Stuart McNair

Marcell Dareus dominated line of scrimmage for Alabama’s defense

The Nick Saban Era of Alabama football has included excellent defensive ends

Alabama has had the nation’s best winning record in the Nick Saban Era, four national championships the primary measuring stick of Crimson Tide dominance, and a big reason for that defensive play has been excellent defensive ends in the Bama 3-4 scheme.


Although Alabama lists every defensive end and nose tackle as “defensive lineman” because the players are frequently capable of playing both spots, this is a look at the men who have been best known for their play at end. For instance, Lorenzo Washington, who started in 2009 at end, and Jesse Williams, an end in 2011, were both included at nose tackle in our examination of each position during the first nine years of the Saban Era at Bama.


Alabama got off to a good start at defensive end with a couple of men Saban inherited. Wallace Gilberry had been a last minute Alabama signee after his performance in the Alabama-Mississippi All-Star Game, and he continued his all-star play for the Tide. He was a senior in 2007 when Saban took over and that season turned in 80 tackles, 27 for loss, including 10 sacks. In his four-year career he had 188 tackles, 61 for loss, with 23 sacks and was All-Southeastern Conference. Although he was also overlooked by the NFL and not drafted, he has been in the professional ranks since leaving Alabama with Kansas City, Tampa Bay, and Cincinnati.


The most outstanding defensive end of the Saban Era probably has been Marcell Dareus. Alhough officially listed as a starter in only the 2010 season, in the 2009 national championship season he was the leading tackler among Bama defensive linemen with 33 tackles, 9 for loss, with 7 sacks, 5 passes broken up, 5 quarterback pressures, and 1 interception. That interception, which he returned 28 yards for a touchdown three seconds before halftime, gave the Tide a 24-6 lead over Texas in the national championship game in the Rose Bowl as Alabama went on to a 37-21 win over the Longhorns.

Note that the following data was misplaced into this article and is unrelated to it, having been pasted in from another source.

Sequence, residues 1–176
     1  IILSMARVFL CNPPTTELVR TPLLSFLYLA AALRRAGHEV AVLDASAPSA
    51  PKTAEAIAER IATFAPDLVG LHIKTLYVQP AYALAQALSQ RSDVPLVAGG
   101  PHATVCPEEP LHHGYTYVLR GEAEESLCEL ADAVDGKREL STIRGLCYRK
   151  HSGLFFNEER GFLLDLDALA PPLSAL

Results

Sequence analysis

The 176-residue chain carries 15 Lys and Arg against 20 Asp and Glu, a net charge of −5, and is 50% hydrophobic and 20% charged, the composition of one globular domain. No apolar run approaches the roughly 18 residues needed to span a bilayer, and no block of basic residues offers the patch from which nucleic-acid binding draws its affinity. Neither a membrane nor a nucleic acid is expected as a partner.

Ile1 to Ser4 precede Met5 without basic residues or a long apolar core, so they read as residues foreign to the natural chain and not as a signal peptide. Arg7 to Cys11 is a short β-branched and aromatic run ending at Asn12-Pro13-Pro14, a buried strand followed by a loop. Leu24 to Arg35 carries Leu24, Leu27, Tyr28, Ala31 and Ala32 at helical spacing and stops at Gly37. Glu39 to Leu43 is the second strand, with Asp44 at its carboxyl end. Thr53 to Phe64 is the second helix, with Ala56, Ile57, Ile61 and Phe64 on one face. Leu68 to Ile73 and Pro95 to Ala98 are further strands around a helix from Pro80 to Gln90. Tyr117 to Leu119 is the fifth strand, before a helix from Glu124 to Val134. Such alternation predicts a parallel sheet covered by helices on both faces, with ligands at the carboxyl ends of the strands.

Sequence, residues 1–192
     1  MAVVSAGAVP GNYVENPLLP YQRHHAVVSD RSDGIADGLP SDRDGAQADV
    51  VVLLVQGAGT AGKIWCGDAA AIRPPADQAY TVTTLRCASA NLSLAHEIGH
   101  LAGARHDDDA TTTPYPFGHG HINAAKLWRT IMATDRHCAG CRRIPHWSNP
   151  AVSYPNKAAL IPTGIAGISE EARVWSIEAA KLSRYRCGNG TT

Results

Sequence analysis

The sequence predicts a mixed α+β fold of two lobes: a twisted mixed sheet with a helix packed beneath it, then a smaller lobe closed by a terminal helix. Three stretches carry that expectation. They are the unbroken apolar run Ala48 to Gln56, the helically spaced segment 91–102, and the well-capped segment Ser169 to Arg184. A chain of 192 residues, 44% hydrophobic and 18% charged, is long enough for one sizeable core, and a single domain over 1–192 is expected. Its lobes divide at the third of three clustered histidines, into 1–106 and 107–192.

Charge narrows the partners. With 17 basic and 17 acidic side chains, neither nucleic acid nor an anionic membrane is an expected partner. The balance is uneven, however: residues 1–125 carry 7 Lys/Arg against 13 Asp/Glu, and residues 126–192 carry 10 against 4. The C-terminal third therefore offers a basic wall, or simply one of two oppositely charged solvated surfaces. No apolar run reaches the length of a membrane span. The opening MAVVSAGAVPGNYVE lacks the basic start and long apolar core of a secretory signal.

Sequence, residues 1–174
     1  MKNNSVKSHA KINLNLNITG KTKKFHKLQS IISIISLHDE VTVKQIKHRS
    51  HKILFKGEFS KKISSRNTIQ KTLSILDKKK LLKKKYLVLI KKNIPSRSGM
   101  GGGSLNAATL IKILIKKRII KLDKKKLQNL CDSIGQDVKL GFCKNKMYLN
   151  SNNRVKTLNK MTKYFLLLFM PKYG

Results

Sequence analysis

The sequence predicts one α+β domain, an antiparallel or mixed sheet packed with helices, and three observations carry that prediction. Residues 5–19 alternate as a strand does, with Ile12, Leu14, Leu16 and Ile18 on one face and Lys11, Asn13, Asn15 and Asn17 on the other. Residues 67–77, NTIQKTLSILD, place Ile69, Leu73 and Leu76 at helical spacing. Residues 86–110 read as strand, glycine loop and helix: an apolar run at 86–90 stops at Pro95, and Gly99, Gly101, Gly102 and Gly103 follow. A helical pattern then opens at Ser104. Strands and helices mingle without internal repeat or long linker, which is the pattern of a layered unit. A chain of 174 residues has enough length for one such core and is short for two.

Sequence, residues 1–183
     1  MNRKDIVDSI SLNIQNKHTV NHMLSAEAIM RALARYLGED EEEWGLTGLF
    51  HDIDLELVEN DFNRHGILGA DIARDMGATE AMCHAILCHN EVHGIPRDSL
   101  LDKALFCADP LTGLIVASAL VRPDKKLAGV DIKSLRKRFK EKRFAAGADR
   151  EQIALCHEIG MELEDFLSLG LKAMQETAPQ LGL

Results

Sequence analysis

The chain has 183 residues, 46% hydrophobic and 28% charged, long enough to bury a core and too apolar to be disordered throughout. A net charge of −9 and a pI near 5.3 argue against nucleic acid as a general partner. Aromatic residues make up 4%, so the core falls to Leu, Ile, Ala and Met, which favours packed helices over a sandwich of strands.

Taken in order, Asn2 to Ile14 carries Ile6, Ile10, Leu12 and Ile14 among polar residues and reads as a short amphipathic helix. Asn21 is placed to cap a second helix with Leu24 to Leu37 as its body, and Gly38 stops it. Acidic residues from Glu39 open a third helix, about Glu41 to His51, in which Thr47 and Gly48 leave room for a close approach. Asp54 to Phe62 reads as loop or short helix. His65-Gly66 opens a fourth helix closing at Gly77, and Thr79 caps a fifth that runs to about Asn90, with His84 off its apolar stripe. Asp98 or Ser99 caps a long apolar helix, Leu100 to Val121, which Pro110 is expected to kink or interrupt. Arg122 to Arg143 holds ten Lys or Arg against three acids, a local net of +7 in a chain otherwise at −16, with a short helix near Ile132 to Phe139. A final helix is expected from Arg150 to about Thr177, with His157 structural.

The next year he turned in 34 tackles, 11 for loss including 5 sacks, and broke up 4 passes. He was All-SEC and drafted in the first round, third overall, by Buffalo.


Saban’s two most recent defensive ends, Jarran Reed, who is expected to be a high draft choice this year, and Jonathan Allen, who will return for his senior season in 2016, both rank among the best of the era.


As a junior, Reed had 55 tackles, 7 for loss, and 5 passes broken up. In the 2015 national championship season, he had 57 tackles, 5 for loss, and 8 quarterback pressures.


Allen, also a starter the past two years, had 33 tackles, 12 for loss including 6 sacks, as a junior. Last season he turned in 57 tackles, 5 for loss, and had 8 quarterback pressures.


Bobby Greenwood was a starter at end in 2007 and 2008 and had 60 tackles, 12 for loss, and 6 sacks. Although overlooked in the draft, he spent two years in the NFL with Kansas City.


Brandon Deaderick, a starter in 2008-09, was a quality backup on the 2007 title team with 22 tackles. As a junior he had 40 tackles, 7 for loss with 5 sacks, and as a senior had 23 tackles with 5 for loss and a sack. He was drafted in the seventh round by New England and played for the Patriots, Jacksonville, and New Orleans.


Luther Davis was a one-year starter, 2010, and had 21 tackles, 3 for loss.


Damion Square started in 2011 and 2012, both national championship teams, and had 32 tackles with 7 for loss and 1 sack in 2011 and 33 tackles including 4 sacks in 2012.


 Ed Stinson started in 2012 and 2013. He had 30 tackles with 9 for loss and 3 sacks in the 2012 championship season and 42 tackles with 2 sacks in 2013. He was drafted in the fifth round by Arizona.


Jeoffrey Pagan had 23 tackles with 4 for loss and 2 sacks as a back-up in 2012, and as a starter in 2013 turned in 34 tackles with 4 for loss and 2 sacks. He was drafted in the sixth round by Houston.


We would rank Marcell Dareus as the No. 1 defensive end of the Saban Era, followed by Jarran Reed, Jonathan Allen, Wallace Gilberry, Ed Stinson, Damion Square, Jeoffrey Pagan, Bobby Greenwood, Brandon Deaderick, and  Luther Davis.

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